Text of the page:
You could face a £1000 penalty for non compliant Letterheads 3


We have all been aware of this for sometime now, but Indicator have highlighted that Companies House are now taking a harder line and giving out £1000 penalties, so what are the rules:

The Companies (Trading Disclosures) Regulations 2008

(1) Every company shall disclose its registered name on—

(a)its business letters, notices and other official publications;
(b)its bills of exchange, promissory notes, endorsements and order forms;
(c)cheques purporting to be signed by or on behalf of the company;
(d)orders for money, goods or services purporting to be signed by or on behalf of the company;
(e)its bills of parcels, invoices and other demands for payment, receipts and letters of credit;
(f)its applications for licences to carry on a trade or activity; and
(g)all other forms of its business correspondence and documentation.

(2) Every company shall disclose its registered name on its websites.

http://www.legislation.gov.uk/uksi/2008/495/regulation/6/made

Letterheads: Company letterheads must show:

  1. The name of the company. This must end in “Limited” or “Ltd” or their Welsh equivalents. If the name you trade under is different in any way from the name of your company as shown on your certificate of incorporation, then the full name, including “Limited” etc must be shown on the heading, usually at the foot.
  2. The registered office. It must be identified as the registered office. If there is only one address shown on the letterhead, the words “Registered Office” can appear in small type just above or below, or you can mention it at, say, the foot of the heading by saying “Registered at the above address”, or something similar. The important point is that your registered office must be clearly identified. If this were an address other than your trading address then it would be appropriate to print the address, clearly identified as such, in small type at the foot of the letterhead and the trading address elsewhere in larger type.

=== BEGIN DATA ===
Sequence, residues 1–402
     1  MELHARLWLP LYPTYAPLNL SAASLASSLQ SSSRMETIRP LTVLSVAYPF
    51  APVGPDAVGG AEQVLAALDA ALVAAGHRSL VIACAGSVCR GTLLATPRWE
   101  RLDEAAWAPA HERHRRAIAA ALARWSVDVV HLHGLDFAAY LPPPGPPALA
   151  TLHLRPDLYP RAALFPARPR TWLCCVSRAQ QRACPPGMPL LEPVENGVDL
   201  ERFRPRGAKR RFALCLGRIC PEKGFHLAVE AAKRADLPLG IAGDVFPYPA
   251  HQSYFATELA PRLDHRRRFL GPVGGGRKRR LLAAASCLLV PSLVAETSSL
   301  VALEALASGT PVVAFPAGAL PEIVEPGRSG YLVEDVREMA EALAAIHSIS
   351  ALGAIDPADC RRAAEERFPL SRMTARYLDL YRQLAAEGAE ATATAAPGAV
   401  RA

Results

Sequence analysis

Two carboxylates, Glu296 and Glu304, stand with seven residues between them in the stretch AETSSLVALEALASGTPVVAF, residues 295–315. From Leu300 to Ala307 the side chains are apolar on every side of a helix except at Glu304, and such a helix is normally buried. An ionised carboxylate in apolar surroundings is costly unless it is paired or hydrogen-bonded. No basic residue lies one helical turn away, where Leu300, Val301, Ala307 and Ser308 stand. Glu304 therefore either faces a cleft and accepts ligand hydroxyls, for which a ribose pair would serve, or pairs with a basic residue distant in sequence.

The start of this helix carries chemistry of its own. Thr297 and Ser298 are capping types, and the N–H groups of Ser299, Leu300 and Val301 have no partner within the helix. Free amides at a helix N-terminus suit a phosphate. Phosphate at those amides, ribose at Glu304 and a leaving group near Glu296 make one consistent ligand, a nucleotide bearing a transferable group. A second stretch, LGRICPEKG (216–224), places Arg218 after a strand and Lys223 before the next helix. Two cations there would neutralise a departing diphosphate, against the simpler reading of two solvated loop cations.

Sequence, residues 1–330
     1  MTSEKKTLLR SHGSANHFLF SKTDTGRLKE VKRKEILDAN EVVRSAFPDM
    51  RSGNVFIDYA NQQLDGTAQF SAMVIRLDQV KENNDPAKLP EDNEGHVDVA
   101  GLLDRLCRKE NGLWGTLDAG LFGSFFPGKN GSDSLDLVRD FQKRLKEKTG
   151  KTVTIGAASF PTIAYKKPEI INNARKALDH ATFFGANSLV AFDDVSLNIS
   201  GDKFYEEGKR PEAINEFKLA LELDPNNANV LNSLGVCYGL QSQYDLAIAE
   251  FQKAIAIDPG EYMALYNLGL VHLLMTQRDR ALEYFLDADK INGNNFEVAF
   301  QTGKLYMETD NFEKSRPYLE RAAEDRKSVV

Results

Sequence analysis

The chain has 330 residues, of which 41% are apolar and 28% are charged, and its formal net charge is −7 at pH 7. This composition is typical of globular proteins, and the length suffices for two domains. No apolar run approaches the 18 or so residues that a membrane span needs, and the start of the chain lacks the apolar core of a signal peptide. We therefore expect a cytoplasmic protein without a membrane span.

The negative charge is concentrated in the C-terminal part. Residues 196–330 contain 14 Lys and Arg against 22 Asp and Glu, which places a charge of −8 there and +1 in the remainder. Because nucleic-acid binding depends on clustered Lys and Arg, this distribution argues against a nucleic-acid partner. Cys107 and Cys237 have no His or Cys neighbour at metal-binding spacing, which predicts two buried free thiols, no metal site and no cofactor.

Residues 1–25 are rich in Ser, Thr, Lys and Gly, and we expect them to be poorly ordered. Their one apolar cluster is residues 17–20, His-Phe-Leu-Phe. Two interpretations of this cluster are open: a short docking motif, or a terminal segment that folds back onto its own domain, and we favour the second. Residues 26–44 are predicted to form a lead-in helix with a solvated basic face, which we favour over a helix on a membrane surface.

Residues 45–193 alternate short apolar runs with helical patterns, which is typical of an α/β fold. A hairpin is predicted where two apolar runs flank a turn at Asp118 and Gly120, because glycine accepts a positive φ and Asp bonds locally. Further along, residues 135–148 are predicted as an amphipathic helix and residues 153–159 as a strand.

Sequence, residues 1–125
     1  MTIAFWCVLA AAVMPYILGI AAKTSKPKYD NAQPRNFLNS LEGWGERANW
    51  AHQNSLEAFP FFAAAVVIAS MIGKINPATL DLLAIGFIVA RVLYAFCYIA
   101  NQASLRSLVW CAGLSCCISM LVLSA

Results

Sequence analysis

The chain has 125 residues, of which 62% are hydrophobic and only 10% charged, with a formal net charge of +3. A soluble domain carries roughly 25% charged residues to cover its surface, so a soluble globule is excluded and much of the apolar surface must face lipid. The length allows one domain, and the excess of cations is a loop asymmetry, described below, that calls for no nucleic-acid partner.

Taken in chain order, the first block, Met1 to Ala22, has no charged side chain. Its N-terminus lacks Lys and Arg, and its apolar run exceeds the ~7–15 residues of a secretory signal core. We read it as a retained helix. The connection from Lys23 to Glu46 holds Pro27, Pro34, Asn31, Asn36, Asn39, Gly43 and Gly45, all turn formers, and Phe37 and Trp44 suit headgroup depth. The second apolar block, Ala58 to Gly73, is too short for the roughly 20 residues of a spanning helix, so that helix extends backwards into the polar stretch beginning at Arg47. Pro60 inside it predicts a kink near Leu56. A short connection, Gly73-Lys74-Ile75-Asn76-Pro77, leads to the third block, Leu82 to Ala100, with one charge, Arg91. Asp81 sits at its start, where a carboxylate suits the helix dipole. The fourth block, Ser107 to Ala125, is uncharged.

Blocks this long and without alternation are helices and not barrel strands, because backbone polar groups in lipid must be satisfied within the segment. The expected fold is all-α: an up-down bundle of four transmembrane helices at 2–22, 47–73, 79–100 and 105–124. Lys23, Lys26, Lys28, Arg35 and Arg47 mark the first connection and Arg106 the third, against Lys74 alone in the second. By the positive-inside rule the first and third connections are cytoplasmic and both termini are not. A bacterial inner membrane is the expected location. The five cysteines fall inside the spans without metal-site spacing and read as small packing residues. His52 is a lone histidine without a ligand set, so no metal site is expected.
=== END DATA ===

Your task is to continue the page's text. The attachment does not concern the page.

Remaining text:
3. The registered number.
  4. Whether registered in England (or ‘England & Wales’) or Scotland.
  5. A Welsh company which has chosen “Cynfngedig” instead of “Limited” as the last word of its name must also state (in English) that it is a limited company.

http://link4business.info/2008/08/business-disclosure-requirements-information-which-must-appear-on-your-letterheads-invoices-websites-and-email-messages/

Make sure you comply, no one wants a penalty.

steve@bicknells.net

 

 

 

 

3 comments

  1. If you are a sole trader you can trade under your own name or you can choose a different business name. If you choose a business name that is not your own name, you must include your own name and the business address on all letterheads and order forms.

    If you are a partnership business your letterheads, order forms, receipts and even invoices must include the names of all partners and the address of the main office. If there are many partners then it is also acceptable to state where a list of partners may be found.

    http://www.startups.co.uk/letterhead-legal-requirements.html

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